Bans on tobacco displays at the point of sale is now in force, and this time in three years the law will be extended to small outlets.
It’s the latest change in an ongoing trend of tobacco control, following from a ban on tobacco advertising in public in 2003, the smoking ban in 2007, and the disappearance of cigarette vending machines in 2011.
Health Secretary Andrew Lansley told the BBC this morning that two-thirds of smokers began before they were eighteen, and he hopes the placing of tobacco products under the counters will deter children from picking up the habit.
MM took to the streets of Manchester to ask:
Do you think the tobacco display ban ensures children are safer from smoking?
“Yes because some shops sell cigarettes to underage kids. I was roped into smoking at thirteen and it’s really hard to give up.” – Jodie Garside, 20, unemployed, Stretford.
“It’s a complex issue and I can see why so many would be against it, citing the Big Brother State and so on. But advertising can attract children and many are concerned with fitting in. Displaying them can be harmful.” – John Bradshaw, 38, unemployed, Altrincham.
“Not really. Kids see cigarettes outside of shops, and they’ll still just ask an adult to purchase a packet for them as they currently do. So I don’t see how putting them under a counter improves anything.” – Charlotte Elizabeth, 23, carer, Salford.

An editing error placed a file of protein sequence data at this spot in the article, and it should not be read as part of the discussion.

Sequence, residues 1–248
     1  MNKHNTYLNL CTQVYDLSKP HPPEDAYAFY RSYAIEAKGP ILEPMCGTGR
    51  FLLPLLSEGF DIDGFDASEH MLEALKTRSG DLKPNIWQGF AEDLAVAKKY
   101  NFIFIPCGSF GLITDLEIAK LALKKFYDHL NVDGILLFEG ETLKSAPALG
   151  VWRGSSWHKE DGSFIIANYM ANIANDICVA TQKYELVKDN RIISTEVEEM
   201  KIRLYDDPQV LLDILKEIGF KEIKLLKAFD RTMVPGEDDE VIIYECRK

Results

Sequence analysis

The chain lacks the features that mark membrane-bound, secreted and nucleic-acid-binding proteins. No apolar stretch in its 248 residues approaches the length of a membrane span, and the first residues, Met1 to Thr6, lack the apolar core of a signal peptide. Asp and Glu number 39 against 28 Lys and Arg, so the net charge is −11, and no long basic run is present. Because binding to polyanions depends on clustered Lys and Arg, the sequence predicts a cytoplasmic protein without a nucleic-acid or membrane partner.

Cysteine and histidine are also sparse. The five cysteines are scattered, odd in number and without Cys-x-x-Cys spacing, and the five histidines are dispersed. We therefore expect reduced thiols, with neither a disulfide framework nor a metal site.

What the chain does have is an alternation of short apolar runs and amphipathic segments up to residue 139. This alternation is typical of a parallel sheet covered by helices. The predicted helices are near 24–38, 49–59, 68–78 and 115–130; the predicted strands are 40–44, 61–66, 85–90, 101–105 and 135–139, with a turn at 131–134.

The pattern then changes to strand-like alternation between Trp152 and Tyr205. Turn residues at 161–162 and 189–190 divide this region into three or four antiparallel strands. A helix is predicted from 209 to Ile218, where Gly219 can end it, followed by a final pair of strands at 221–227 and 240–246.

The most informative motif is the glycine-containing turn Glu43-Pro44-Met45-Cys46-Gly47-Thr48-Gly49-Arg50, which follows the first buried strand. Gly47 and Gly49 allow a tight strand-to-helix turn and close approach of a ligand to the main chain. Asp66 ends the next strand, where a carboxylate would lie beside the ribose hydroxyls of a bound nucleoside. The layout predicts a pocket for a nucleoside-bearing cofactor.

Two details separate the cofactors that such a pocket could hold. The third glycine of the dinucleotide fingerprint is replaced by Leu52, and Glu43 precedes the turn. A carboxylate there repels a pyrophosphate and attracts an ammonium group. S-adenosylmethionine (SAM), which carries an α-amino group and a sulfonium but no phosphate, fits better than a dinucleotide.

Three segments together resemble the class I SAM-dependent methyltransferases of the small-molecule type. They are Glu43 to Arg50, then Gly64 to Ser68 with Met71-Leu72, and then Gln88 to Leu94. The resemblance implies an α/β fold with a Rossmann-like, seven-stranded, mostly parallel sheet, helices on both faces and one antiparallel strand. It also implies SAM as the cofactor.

“It makes no difference either way. But consumers who smoke still need to see the packaging and to see the prices clearly, or else they can’t make a confident purchase.“ – Rob, 31, retail assistant, city centre.
“It won’t make much difference if smoking is made more taboo, and its more up to the parents to prevent children from smoking.” – Jane Smith, 28, accountant, Sale.
“If something is prohibited, it can prevent more people from using it.” – Joel Forbes, 23, student, Oldham.
“Kids know what cigarettes are without the help of supermarkets hiding them. But it’s generally a good thing.“ – Brendan Collins, 32, CIS Insurance, city centre.
“I’m in agreement because we must all play a part in minimising the social factors that lead young people to smoke.” – S.E. Murghtcoyd, 55, secretary.
“I don’t think the packaging encourages children to smoke. The days of Joe Camel are long-gone. But speaking generally, they should be out of sight and not in reach.” – Jake, 27, law student, Manchester.
“I wouldn’t say they are or aren’t safe from smoking. I can see others disagreeing, such as if they smoke. But I’ve never really thought about it.” – Mark Williams, 33, salesman, city centre.